Nose-to-tail butchery ensures none of the animal is wasted and every part is used
Nose-to-tail butchery ensures none of the animal is wasted and every part is used
Finding a use for every part of the produce being purchased is something these chefs all seem to think will carry over to 2018.

Bartolo and Gauci both echo the same sentiment in that new ways of re-using parts of produce that normally get thrown away in food prep. “2018 is also expected to be the year of the root-to-stem cooking. As more and more restaurants get to grips with the problem of wastage, we are seeing a root to leaf approach emerging in many restaurant kitchens. In line with this approach, restaurants are trying to limit waste and create dishes that include parts of ingredients that we are generally not accustomed to find on our plates.” Gauci said.  

The notion of avoiding waste is repeated by Sammut, though he refers to serving of meat rather than fresh veg, “Among meat-serving restaurants there is a global trend to move back towards our grandparents’ ways and serving every part of the animal rather than just the prime cuts.

“This nose-to-tail attitude is a trend we expect to see plenty more of in 2018, and we plan to continue to work with local farmers where we have the pig slaughtered just for us and we take the whole animal, taking care to create recipes also using the off cuts that generally go to waste.”

Asian niche markets

More and more ramen is available on the market, in line with a Maltese fondness for Asian cuisine
More and more ramen is available on the market, in line with a Maltese fondness for Asian cuisine
Diacono sees an opening in the market for Asian eateries “Malta seems to be head over heels for ramen, so I expect to see more niche Asian outlets pop up soon – Korean BBQ, Vietnamese, perhaps even a Peruvian.

We seem to be moving towards becoming a small European city, lets hope they're somewhat genuine with the classics, and little experimental with the specials, why not?”

Trendy ingredients

Ruby chocolate, which is sweet with sour notes, is set to be on the trendy ingredient list for 2018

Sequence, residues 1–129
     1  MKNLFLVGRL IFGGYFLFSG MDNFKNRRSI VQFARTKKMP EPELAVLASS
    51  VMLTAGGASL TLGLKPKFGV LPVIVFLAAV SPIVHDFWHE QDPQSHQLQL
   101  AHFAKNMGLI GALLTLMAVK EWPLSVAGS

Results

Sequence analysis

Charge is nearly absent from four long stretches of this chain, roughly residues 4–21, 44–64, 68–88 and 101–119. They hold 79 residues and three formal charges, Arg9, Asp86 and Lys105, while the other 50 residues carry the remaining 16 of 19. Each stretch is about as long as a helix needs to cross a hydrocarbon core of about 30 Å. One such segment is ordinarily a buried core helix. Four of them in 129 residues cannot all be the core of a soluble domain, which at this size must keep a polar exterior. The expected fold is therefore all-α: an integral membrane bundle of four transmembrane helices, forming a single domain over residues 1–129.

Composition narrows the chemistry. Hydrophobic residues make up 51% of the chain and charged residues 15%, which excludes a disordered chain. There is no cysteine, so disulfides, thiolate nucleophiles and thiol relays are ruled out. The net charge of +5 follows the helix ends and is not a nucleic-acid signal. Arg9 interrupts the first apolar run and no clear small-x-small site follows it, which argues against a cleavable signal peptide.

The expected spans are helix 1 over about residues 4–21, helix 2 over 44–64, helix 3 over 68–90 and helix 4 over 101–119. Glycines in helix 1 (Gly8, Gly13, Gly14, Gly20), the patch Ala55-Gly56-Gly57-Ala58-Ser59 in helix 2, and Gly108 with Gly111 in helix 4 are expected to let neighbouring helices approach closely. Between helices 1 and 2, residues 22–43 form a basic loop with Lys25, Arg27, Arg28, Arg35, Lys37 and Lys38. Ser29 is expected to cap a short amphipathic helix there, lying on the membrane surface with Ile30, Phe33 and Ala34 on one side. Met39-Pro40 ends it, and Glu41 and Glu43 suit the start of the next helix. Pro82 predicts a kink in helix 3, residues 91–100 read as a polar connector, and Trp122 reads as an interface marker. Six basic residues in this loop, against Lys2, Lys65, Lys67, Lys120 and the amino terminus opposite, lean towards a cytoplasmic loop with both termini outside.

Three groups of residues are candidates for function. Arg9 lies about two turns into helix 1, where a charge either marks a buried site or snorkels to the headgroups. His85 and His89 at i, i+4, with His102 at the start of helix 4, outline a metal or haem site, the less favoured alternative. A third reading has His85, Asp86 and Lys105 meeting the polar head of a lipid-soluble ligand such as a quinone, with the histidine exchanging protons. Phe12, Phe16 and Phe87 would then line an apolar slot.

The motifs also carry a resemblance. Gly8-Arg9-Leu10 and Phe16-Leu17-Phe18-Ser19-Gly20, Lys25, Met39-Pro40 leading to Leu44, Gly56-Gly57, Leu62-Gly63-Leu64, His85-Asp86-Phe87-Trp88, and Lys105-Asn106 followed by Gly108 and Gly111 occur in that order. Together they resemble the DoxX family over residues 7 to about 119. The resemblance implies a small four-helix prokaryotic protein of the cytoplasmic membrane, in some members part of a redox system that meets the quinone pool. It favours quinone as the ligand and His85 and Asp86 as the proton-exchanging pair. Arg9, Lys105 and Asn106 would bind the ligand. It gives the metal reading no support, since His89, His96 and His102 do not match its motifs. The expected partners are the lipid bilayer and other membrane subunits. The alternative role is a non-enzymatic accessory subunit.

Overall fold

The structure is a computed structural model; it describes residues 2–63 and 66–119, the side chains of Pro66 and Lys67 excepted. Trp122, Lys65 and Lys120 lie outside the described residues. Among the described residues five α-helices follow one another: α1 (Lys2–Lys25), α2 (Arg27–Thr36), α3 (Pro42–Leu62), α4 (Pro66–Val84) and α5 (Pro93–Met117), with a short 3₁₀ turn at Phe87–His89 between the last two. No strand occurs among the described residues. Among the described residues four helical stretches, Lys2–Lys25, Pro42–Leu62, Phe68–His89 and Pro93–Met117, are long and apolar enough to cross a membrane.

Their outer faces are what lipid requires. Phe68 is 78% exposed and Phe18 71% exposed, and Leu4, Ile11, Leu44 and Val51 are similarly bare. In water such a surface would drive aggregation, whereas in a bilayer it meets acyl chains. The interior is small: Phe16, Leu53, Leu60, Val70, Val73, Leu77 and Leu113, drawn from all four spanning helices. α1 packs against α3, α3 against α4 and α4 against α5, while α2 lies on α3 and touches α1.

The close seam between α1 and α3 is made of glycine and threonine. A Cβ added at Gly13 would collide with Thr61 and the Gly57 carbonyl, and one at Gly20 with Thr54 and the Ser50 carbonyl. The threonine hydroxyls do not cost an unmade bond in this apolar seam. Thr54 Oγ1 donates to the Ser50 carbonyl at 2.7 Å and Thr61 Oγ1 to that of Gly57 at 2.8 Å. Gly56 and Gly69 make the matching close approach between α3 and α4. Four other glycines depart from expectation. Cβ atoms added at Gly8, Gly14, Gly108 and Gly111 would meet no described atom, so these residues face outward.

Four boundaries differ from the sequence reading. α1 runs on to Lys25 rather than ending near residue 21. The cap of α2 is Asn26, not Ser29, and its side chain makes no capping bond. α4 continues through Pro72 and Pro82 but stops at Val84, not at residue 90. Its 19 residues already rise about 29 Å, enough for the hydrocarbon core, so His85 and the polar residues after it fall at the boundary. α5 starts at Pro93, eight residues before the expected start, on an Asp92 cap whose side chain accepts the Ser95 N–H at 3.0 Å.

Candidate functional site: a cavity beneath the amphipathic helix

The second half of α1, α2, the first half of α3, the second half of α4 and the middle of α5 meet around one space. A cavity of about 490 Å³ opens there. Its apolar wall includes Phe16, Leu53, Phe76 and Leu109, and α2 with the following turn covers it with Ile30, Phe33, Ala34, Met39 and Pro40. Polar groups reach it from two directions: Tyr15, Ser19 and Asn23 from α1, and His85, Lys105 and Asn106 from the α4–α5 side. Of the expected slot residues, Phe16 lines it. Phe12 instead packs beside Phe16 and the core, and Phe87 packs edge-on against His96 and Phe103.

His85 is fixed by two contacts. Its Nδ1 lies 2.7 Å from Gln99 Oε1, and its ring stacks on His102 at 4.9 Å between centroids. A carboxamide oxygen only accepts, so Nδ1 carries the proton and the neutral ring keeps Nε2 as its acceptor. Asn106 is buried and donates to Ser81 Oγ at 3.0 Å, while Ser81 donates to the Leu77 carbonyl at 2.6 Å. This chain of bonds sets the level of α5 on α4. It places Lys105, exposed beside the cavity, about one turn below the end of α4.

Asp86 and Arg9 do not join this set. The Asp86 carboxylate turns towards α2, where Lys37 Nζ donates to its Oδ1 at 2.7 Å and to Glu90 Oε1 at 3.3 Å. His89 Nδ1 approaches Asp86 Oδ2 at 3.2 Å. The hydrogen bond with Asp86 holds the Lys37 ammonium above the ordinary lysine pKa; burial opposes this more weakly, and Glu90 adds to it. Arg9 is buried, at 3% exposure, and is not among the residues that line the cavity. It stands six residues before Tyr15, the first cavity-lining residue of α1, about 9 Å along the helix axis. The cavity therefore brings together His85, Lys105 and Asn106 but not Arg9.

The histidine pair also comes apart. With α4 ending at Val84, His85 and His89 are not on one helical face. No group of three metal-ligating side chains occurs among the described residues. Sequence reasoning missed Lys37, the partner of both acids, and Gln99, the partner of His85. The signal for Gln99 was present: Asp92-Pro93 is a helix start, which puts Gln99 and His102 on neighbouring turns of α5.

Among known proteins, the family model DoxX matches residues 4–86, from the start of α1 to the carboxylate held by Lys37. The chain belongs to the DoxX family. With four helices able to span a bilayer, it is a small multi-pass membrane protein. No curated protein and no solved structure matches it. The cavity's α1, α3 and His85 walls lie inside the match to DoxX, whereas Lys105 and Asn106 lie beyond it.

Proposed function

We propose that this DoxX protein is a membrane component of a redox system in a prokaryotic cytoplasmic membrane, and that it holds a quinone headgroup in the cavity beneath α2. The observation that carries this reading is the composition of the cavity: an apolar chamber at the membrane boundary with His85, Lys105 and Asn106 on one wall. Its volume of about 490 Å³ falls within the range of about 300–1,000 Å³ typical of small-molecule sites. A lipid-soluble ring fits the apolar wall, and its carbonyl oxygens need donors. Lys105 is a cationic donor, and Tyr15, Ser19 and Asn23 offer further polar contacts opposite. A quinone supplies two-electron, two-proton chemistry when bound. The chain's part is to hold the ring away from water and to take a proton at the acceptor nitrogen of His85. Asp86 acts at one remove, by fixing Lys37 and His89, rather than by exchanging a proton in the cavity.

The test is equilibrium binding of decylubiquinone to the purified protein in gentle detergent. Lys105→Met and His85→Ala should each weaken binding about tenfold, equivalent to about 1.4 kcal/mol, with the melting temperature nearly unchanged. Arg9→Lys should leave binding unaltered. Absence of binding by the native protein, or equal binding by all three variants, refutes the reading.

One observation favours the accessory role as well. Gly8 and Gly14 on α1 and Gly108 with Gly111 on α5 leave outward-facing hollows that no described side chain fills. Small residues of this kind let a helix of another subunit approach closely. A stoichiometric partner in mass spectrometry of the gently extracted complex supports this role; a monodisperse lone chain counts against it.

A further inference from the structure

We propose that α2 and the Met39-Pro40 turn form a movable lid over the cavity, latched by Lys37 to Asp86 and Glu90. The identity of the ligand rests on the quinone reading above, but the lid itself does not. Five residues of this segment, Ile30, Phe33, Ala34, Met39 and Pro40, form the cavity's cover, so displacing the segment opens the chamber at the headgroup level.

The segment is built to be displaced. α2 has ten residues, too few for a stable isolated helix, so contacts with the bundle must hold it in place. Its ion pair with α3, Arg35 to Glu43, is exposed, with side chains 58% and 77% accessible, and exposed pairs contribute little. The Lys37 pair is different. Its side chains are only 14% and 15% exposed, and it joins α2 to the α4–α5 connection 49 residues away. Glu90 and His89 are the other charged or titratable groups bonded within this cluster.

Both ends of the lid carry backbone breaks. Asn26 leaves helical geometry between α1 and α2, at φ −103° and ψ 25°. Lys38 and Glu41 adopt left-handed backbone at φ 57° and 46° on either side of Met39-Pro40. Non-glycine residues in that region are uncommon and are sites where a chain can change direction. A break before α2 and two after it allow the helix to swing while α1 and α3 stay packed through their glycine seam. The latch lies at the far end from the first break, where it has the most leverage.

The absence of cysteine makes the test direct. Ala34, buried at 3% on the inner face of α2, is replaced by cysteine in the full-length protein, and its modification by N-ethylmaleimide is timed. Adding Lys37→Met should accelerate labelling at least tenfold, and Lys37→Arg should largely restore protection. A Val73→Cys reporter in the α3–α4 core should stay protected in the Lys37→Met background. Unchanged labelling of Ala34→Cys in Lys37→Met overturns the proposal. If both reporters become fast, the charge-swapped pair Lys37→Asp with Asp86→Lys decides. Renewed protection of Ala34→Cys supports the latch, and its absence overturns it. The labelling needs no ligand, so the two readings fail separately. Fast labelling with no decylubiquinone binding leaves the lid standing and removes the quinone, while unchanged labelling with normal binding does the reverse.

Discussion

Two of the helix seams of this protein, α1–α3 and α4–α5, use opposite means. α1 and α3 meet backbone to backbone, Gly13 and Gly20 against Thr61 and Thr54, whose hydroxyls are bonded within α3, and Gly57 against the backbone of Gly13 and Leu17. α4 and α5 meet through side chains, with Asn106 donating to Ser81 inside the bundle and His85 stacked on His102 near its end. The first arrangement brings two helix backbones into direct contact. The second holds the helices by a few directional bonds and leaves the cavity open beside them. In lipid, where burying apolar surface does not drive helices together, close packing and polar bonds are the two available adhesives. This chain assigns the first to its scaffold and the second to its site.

Ruby chocolate, which is sweet with sour notes, is set to be on the trendy ingredient list for 2018
There are always ingredients that are more fashionable at one point in time. Bartolo believes that the time of the gin in the spirits’ world is not over and set to rise even more throughout 2018.

In the world of sweets, Aquilina believes that pralines, made primarily with nuts and sugar, are on the rise and will show promise throughout the year. He believes that this will not just be the traditional type but also with a different variation of fillings, colours and flavours. Ruby chocolate, which is considered the fourth type of chocolate, is made from the ruby bean and has only been discovered and produced in 2017, so we are set to see a lot more of this type of chocolate which is sweet but also with sour notes.

 

Gauci believes that “2018 will definitely be an exciting year for the food industry especially on a local context where Malta’s capital city will be hosting the European Capital of Culture. The event will definitely entice the brains of local talent who will produce amazing dishes to highlight Malta’s rich food traditions and culture.” 

The chefs

There are plenty of chefs in Malta that act as trend-setters on the island. What they have in common is enormous passion, verging on obsession, when it comes to food. Not only do they spend their time creating in the kitchen but also on travelling the world to see what others are doing and to draw inspiration.

Marvin Gauci
Marvin Gauci
Marvin Gauci is chef patron at Caviar and Bull in St Julian’s, his second restaurant after the success of Tarragon in St Paul’s Bay. He has won numerous awards and has perhaps the most innovative fine dining restaurant on the island.

Tommy Diacono
Tommy Diacono
Tommy Diacono, together with his brother Nicky, are the brains behind New York Best and Fat Louie’s. Though New York Best is mostly fast-food, what they insist on is that everything is made from scratch to the very best standards on the market. They have won the internet for their incredible social media strategy, setting trends all over the island.

James Bartolo (L) and Jimmy Aquilina (R)
James Bartolo (L) and Jimmy Aquilina (R)
James Bartolo is the executive chef at Radisson Blu Resort and Spa, Golden Sands, while Jimmy Aquilina acts as his pastry chef. Meeting guests from all over the world they need to stay current, creating the very best dishes that rival culinary delights from trend-setting cities around the world.

Rafel Sammut
Rafel Sammut
Rafel Sammut owns a small company, The Pulled Meat Company, that started out selling pulled pork sandwiches from a stand at Tigne Point. He is setting trends in the way in which he sources his meats – local pork from local farmers, where he uses the entire pig and not just the prime cuts.